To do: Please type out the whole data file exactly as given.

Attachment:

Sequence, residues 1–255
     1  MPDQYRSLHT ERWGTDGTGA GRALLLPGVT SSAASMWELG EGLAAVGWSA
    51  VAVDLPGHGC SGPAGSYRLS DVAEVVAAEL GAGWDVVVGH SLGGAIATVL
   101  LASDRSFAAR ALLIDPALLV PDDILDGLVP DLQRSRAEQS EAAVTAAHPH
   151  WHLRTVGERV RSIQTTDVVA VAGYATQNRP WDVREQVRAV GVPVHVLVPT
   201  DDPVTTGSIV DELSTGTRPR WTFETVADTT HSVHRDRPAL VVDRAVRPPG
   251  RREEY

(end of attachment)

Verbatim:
Sequence, residues 1–255
     1  MPDQYRSLHT ERWGTDGTGA GRALLLPGVT SSAASMWELG EGLAAVGWSA
    51  VAVDLPGHGC SGPAGSYRLS DVAEVVAAEL GAGWDVVVGH SLGGAIATVL
   101  LASDRSFAAR ALLIDPALLV PDDILDGLVP DLQRSRAEQS EAAVTAAHPH
   151  WHLRTVGERV RSIQTTDVVA VAGYATQNRP WDVREQVRAV GVPVHVLVPT
   201  DDPVTTGSIV DELSTGTRPR WTFETVADTT HSVHRDRPAL VVDRAVRPPG
   251  RREEY